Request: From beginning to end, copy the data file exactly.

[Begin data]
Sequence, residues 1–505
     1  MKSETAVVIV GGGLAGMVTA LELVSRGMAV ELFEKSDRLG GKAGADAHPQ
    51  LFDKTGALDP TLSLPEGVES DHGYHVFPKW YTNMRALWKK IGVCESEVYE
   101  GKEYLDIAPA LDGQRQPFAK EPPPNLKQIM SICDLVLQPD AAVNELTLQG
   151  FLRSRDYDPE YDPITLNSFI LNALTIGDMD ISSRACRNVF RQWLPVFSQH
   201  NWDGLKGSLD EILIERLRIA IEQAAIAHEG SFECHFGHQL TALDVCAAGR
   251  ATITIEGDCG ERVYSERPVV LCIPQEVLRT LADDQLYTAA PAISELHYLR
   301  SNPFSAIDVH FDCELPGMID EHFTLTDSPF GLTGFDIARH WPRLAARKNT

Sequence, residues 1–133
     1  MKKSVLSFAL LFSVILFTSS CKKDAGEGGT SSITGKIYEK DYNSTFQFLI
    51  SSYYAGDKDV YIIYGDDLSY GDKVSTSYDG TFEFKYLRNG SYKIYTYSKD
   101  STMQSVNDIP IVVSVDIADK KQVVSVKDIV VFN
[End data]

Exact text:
Sequence, residues 1–505
     1  MKSETAVVIV GGGLAGMVTA LELVSRGMAV ELFEKSDRLG GKAGADAHPQ
    51  LFDKTGALDP TLSLPEGVES DHGYHVFPKW YTNMRALWKK IGVCESEVYE
   101  GKEYLDIAPA LDGQRQPFAK EPPPNLKQIM SICDLVLQPD AAVNELTLQG
   151  FLRSRDYDPE YDPITLNSFI LNALTIGDMD ISSRACRNVF RQWLPVFSQH
   201  NWDGLKGSLD EILIERLRIA IEQAAIAHEG SFECHFGHQL TALDVCAAGR
   251  ATITIEGDCG ERVYSERPVV LCIPQEVLRT LADDQLYTAA PAISELHYLR
   301  SNPFSAIDVH FDCELPGMID EHFTLTDSPF GLTGFDIARH WPRLAARKNT

Sequence, residues 1–133
     1  MKKSVLSFAL LFSVILFTSS CKKDAGEGGT SSITGKIYEK DYNSTFQFLI
    51  SSYYAGDKDV YIIYGDDLSY GDKVSTSYDG TFEFKYLRNG SYKIYTYSKD
   101  STMQSVNDIP IVVSVDIADK KQVVSVKDIV VFN